When it comes to the upcoming title fight, confidence poured out from where praise and respect had once been. “I just think it’s my time, to be honest. I really do believe it’s my time for all of this. The work I put in, certain things become inevitable”, he said. “I actually called this after I won my third fight, I called for belts and big shows. I spoke it to existence”. He continued, “It’s my time to finally to get a strap of some sort. All the straps is what we’re going for, all of them. We’re going for every one”.

“Rise of Champions is my show… That’s how I feel when I’m performing on ROC, it’s just my show, it’s my time to shine. Everyone knows who there here to see, there not really there to see the other guys. It’s my time, it’s my show and I’m going to put on a show on February 17th and I’m going to win that belt”.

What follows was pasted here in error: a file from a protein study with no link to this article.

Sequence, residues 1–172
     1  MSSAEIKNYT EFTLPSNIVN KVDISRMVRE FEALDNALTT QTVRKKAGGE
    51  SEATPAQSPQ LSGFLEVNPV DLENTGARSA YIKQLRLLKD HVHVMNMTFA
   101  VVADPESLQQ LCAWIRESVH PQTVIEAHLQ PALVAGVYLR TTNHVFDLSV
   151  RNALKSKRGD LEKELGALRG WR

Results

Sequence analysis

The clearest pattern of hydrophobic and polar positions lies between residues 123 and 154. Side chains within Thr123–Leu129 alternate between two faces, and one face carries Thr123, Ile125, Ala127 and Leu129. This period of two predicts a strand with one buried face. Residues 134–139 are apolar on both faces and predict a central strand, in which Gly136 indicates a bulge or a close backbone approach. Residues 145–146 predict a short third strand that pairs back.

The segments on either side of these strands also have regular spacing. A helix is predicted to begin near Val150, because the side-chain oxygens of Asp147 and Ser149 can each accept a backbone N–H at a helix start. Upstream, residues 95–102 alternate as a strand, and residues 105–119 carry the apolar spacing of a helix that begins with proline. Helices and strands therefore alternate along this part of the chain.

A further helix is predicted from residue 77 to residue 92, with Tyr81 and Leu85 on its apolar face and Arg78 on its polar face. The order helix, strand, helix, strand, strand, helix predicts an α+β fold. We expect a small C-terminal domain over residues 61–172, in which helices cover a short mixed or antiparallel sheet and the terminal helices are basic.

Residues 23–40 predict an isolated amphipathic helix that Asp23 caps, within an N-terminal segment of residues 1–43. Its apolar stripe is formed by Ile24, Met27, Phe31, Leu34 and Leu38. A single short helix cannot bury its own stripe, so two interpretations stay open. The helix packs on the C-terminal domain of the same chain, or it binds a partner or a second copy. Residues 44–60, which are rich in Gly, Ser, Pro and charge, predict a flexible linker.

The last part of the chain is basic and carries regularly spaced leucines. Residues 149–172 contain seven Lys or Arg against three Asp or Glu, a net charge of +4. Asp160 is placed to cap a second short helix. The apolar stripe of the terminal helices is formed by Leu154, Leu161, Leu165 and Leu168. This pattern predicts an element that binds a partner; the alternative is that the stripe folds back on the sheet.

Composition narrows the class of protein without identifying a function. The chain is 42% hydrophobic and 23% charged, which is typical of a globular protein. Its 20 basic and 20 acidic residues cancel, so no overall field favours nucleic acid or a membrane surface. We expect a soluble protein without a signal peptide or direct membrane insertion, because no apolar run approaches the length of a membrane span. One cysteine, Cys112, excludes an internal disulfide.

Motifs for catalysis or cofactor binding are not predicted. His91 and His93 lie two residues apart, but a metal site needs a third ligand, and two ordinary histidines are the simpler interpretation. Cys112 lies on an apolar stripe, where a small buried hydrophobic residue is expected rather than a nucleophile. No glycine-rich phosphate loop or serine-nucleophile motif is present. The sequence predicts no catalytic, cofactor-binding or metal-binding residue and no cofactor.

The infectious nature of his positive attitude was palpable. Although we only spoke through small rectangular devices, I could feel his energy in the room. His attitude shined brightest when talking about what it would mean to be the first ever ROC Bantamweight champion. Ekundayo claimed, “It just means a lot to have my first belt in anything to be honest… Within myself, I call myself a champion, every day. But now, other people would have to call me a champion because I’ve got a belt… And one thing I really want to do is, which sounds a bit weird, I just want to take the belt home to my area, to Brixton.”

“I just want to take it to my area, and just show the people of that area what hard work can achieve… I want to just take it to my people and show them that not for nothing, we are from Brixton, it’s not the best start to have in your life. It’s not the best upbringing but you can rise above it and you can achieve your goals and that’s what the belt will mean”.